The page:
Amid all the publicity of the city of Detroit’s bankruptcy and bailout, the scramble to find money for road repairs and school superintendents who have spun funding increases as reductions, what may be lost is that the overall state budget is projected to increase by $2 billion in fiscal 2014-15.

In fact, the state will spend about $4.7 billion more than it did in 2011-12, according to the Senate Fiscal Agency. An increase in federal money accounts for $2 billion of that $4.7 billion increase over the past three years.

The state has appropriated $53.12 billion for 2014-15. The overall state budget was $48.42 billion in 2011-12, then increased to $48.55 billion in 2012-13 and is at $51.15 billion this year, according to the Senate Fiscal Agency. Those figures include federal dollars. For the 2014-15 budget that has been proposed, $21.73 billion is federal money.

“Am I surprised? No,” said Jason Gillman, a tea party activist from Traverse City.

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“Truthfully, people have given up trying to keep track. Are other people going to be surprised? They aren’t going to care. If they cared, they’d see it coming, too.”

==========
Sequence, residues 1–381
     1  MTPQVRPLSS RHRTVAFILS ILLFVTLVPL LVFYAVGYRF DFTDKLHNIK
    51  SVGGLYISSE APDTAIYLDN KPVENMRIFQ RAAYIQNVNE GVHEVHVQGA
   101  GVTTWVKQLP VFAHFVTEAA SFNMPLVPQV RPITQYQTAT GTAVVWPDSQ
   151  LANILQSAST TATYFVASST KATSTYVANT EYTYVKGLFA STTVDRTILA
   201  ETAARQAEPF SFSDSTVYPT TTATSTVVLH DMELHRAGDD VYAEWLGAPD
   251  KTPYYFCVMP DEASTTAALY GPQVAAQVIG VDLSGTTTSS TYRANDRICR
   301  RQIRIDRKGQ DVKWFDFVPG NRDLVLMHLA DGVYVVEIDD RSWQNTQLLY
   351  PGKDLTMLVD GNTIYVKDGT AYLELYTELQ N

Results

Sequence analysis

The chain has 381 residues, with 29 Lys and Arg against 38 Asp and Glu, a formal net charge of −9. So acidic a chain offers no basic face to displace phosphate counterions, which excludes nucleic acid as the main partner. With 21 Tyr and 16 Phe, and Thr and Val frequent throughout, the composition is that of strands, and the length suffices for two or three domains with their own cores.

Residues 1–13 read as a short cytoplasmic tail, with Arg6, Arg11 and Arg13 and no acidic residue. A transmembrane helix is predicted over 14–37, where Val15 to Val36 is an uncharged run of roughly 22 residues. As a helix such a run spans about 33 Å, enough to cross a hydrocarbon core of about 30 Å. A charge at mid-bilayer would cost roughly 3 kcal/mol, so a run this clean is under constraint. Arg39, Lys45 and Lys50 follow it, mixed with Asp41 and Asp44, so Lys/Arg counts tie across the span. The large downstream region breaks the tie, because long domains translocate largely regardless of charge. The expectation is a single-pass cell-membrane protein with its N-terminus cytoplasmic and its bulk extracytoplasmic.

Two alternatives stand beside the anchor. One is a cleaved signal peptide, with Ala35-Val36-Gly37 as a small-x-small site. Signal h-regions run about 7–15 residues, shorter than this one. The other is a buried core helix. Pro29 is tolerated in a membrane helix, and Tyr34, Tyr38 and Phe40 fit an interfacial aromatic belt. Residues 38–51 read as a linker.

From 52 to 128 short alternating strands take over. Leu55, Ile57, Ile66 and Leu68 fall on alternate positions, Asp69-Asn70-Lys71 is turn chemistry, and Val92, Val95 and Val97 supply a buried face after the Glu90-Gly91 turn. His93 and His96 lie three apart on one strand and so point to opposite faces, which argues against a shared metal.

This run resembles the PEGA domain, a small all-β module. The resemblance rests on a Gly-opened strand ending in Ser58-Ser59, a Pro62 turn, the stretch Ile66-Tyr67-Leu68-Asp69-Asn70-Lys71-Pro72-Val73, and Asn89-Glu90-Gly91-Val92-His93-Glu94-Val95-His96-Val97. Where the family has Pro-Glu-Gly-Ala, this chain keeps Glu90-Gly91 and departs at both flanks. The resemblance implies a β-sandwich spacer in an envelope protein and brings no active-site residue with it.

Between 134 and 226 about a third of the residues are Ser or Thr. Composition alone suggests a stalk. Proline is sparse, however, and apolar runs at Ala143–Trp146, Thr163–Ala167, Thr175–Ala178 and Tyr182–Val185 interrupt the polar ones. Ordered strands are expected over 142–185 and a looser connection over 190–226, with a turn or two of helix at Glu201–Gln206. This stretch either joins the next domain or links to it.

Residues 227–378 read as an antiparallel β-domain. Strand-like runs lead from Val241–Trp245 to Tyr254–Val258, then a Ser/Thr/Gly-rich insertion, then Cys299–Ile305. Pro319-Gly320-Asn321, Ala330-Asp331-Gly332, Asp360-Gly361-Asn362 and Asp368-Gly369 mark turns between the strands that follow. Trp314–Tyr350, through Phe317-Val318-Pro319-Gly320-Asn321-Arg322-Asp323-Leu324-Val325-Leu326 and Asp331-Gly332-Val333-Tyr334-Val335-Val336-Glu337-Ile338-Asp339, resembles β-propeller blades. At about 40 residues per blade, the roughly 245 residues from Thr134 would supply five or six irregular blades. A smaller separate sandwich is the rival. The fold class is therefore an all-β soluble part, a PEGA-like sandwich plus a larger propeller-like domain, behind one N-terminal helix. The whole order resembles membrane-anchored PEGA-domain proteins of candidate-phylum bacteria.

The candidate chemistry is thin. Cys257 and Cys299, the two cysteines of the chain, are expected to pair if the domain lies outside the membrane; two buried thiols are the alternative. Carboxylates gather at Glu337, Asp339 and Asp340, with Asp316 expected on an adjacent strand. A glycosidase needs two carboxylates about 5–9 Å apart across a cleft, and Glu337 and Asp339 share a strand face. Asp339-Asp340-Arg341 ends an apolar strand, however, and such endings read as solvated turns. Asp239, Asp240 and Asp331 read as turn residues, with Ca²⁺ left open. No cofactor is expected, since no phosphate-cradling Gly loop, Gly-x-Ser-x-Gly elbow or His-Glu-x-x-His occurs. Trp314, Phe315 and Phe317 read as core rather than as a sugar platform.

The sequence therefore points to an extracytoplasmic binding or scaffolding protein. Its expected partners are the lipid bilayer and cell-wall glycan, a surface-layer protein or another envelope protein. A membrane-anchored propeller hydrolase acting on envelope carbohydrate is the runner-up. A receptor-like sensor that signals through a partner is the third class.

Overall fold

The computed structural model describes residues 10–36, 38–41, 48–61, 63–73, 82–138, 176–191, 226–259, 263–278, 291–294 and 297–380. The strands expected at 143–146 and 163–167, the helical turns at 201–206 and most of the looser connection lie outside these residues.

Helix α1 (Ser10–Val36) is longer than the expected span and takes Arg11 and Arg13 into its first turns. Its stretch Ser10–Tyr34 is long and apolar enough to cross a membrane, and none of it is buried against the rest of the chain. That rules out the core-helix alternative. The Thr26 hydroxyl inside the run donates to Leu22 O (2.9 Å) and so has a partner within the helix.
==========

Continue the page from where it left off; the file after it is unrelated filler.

The state’s economic rebound has caused tax revenues to increase even after business tax cuts and a slight reduction in the personal income tax rate, said James Hohman, assistant director of fiscal policy at the Mackinac Center for Public Policy.

“It’s all the more reason to be skeptical of policymakers demanding more taxpayer money,” Hohman said.

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See also:

Low-Hanging Fruit Can Help Fund Roads

Budget Watchdog: State Has Billions In Unbudgeted Costs


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A “bottlenecker” is someone who uses the power of the government to limit competition in the market and artificially boost their own profits. Bottleneckers use a variety of methods to achieve their goals, including tax loopholes, regulations, occupational licensing requirements, minimum wage laws and many more. The end result when these special interest bottleneckers succeed is fewer choices and higher prices for consumers, fewer job opportunities for workers and less innovation throughout the economy.

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